How many of the fictitious episodes (conspiracy, fake news, manipulative media, imagined enemies, FBI plots, conspiratorial  judges, collusion with Moscow, removal of unworthy  advisors,  suspicious supreme court judges, criticism of war heroes) could easily be attached to the real life ,and imagination, of Donald Trump ? His hateful form of populism and mental stability, seen through the phantasms of a novelist more than half a century ago. The political thriller “Night of Camp David” will be reprinted these days by Vintage Books, New York, without any direct reference to the unrestrained and contentious President of the United States, not the invented Mark Hollenbach, but the real Donald Trump. The parallels between the novel of 1965 and the present head of state  seemed intriguing enough to reprint the political thriller shadowing reality  —an unhinged president who feels prey to his own paranoia and conspirational fantasies, as people around him struggle to rein in his worse impulses.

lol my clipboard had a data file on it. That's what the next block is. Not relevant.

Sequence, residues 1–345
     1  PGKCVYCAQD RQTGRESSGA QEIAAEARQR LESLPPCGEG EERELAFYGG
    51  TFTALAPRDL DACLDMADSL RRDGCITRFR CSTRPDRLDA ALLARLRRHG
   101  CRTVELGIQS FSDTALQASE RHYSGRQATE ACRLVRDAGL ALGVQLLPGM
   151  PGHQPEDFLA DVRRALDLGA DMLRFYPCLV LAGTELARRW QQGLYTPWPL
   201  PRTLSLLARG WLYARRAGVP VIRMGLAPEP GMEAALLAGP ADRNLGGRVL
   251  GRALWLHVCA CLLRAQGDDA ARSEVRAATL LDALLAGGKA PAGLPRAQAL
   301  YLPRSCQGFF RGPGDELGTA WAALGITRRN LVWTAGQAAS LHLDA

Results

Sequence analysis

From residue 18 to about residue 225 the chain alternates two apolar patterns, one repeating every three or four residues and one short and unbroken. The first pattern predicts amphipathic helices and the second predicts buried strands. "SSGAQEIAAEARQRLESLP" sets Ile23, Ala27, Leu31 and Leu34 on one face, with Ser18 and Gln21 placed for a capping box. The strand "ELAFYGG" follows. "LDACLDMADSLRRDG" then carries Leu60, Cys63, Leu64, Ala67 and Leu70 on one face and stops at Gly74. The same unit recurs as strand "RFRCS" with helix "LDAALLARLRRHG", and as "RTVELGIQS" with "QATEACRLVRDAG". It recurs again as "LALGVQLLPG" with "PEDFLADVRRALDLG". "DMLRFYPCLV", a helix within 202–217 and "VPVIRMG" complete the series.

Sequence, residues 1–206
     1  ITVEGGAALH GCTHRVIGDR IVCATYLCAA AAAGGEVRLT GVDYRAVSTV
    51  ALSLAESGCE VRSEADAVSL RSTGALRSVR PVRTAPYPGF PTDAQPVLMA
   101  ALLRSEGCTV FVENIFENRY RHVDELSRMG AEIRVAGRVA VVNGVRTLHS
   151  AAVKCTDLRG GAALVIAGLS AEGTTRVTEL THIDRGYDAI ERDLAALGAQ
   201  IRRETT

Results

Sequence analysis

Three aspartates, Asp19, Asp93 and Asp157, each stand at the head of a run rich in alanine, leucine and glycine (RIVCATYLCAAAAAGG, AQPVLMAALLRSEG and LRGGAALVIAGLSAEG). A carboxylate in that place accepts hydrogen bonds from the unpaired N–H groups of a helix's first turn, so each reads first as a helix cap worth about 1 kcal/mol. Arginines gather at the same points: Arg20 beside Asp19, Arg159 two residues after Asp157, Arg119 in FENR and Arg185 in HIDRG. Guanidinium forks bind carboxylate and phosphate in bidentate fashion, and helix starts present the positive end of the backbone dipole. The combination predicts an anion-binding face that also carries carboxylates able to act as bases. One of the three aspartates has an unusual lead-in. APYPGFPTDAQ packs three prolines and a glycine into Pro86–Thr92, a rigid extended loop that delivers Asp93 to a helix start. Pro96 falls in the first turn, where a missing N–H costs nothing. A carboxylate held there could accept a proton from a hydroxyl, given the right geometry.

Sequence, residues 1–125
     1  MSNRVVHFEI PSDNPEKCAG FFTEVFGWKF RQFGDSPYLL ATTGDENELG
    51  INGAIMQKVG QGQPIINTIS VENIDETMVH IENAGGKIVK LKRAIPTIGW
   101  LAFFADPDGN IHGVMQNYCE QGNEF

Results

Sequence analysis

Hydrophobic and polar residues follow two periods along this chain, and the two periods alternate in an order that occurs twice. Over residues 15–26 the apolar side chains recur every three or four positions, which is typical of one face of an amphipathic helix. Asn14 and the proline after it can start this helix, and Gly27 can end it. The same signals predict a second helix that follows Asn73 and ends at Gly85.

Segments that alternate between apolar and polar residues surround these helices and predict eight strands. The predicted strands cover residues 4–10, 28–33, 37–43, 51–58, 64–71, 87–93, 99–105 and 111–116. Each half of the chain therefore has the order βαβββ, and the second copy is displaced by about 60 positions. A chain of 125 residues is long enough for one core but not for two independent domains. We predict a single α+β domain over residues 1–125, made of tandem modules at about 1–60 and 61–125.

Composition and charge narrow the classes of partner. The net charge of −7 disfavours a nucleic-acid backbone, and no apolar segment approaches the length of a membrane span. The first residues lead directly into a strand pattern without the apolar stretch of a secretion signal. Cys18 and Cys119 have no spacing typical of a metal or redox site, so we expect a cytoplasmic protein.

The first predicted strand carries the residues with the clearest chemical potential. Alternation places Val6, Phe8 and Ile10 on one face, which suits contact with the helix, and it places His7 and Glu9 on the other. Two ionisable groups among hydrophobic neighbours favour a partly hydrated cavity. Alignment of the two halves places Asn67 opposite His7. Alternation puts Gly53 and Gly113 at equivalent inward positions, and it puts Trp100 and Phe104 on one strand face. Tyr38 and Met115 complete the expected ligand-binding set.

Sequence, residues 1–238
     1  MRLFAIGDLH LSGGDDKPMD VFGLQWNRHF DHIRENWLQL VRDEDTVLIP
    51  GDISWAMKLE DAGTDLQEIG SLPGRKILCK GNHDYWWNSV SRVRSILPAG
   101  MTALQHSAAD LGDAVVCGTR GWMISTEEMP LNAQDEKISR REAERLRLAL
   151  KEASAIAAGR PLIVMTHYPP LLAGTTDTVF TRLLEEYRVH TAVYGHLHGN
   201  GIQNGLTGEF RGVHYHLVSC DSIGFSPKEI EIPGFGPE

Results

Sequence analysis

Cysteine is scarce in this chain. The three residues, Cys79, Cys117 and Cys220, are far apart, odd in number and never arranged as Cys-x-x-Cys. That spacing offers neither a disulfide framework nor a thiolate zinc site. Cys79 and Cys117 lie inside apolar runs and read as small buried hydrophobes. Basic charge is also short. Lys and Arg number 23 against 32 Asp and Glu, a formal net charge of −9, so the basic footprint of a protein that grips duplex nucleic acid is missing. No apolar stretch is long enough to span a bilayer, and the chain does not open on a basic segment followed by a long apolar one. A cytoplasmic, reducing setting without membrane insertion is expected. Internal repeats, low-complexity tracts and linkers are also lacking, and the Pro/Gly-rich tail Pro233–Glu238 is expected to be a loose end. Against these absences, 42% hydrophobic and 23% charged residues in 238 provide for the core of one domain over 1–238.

“What would happen if the President of the USA went stark raving mad,” asks the publisher on the book’s dramatic black cover flap. Yes, what would happen? Who could prove, dare to suggest, in his entourage, that a  President (why not the obnoxious  Donald Trump), is losing control of his mental faculties, diagnosing  agitation, aggression, rudeness, not as temper but symptoms of a mental disorder . “The book projects the perfect balance of escapism and that haunting touch of reality,” believes Anne Messitte, the publisher. The truth: headline stories are often more dramatic than anything a reporter, a screenwriter or novelist could dream up-- Trump is more than just fiction. The US president  could, despite all congressional controls and military procedures, not only threaten nuclear war against North Korea, but launch thousands of war heads, or just one, as witnessed in Hiroshima-- just one is enough to touch mankind forever. Donald Trump is the Commander-in-Chief, a president who enjoys giving speeches to veterans, but to this day never visited any of his warriors deployed in war zones.